This project intends to examine the diverse reception of the corpus of writings from the 6th century attributed to Dionysius the Areopagite (Corpus Areopagiticum) by four seminal figures of the Orthodox world in the 20th century: on the Russian side (yet active in Western Europe), Vladimir Lossky and Father Sophrony (Sakharov); and on the Greek side, Christos Yannaras and Metropolitan John Zizioulas. Historically speaking, Dionysius was held in great esteem in both the East and West; for example, by Maximus Confessor, John of Damascus, Thomas Aquinas, and Gregory Palamas. From the Renaissance onwards, however, starting with the discovery of his pseudonymity, Western Christianity became critical of Dionysius, whereas some influential Orthodox theologians of the 20th century (e.g., John Meyendorff) also adopted such critical readings. Against this dominant current, Lossky regarded Dionysius’ key doctrine, namely apophaticism, as the distinctive mark of Orthodox Christianity in contrast to the Latin West. Yannaras also followed Lossky and attempted to examine Dionysius through a specific lens (e.g., hesychastic) so as to show his Western misreading. Yet, Zizioulas, due to his scepticism for Lossky’s apophaticism, essentially ignores Dionysius in his influential theological work. Finally, for the same reason, Fr. Sophrony was critical of Dionysius’ proclamations about an abstract ascent to God and did not pay any particular attention to him.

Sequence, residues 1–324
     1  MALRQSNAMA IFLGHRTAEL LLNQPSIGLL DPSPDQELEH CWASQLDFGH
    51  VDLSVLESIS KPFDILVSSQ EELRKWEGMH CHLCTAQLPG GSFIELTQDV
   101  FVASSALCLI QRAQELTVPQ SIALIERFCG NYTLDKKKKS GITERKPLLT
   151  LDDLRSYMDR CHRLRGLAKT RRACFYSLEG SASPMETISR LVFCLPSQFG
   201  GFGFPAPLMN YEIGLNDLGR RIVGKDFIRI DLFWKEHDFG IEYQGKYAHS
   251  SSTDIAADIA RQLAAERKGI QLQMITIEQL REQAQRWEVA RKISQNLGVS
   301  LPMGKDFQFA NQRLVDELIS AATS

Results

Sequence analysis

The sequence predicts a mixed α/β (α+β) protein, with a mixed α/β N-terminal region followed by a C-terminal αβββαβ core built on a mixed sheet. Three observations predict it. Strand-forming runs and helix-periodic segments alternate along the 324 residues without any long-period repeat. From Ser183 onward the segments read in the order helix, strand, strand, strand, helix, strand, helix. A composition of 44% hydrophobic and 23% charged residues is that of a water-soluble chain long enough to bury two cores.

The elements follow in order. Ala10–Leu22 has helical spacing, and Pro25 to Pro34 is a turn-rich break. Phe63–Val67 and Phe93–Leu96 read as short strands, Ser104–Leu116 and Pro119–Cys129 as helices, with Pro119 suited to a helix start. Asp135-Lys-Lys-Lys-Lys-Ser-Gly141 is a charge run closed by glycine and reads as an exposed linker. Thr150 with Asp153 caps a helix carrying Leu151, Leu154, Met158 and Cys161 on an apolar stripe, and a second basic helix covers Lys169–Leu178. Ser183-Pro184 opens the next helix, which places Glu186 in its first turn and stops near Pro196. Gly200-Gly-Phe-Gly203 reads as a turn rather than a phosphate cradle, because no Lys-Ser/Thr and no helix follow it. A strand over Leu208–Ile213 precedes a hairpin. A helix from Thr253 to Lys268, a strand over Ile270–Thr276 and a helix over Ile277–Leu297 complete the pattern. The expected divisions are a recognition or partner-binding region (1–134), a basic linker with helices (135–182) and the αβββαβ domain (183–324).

This attests to a quite varied Orthodox reception of Dionysius in the 20th century, which reveals major tendencies within Orthodox theology and its development in the modern period that are not free from ideological premises (e.g., anti-Western) and subjective interpretations. After all, this was a time when Orthodox theology attempted to rediscover its allegedly lost “genuine identity” away from adulterating Western influences – a controversial process with mixed results. This project attempts, on the one hand, to explain the above differences in the Orthodox evaluation of Dionysius and to consider their respective background. On the other hand, it tries to deconstruct these Orthodox readings of Dionysius by showing, first, the contingency of their anti-Western discourse, given that various Western influences can still be traced in them. Second, it aims to show the often arbitrary and fragmentary uses of the Orthodox past and tradition through contemporary lenses, based on idiosyncratic criteria and partially uncritical perspectives. Finally, the analysis of Dionysius’ Orthodox reception will hopefully confirm the need for a more fruitful encounter and productive exchange between East and West, not the least because it is about a Christian writer stemming from the period of the one, undivided Church.
Funded by the German Research Foundation (DFG), 2022-2025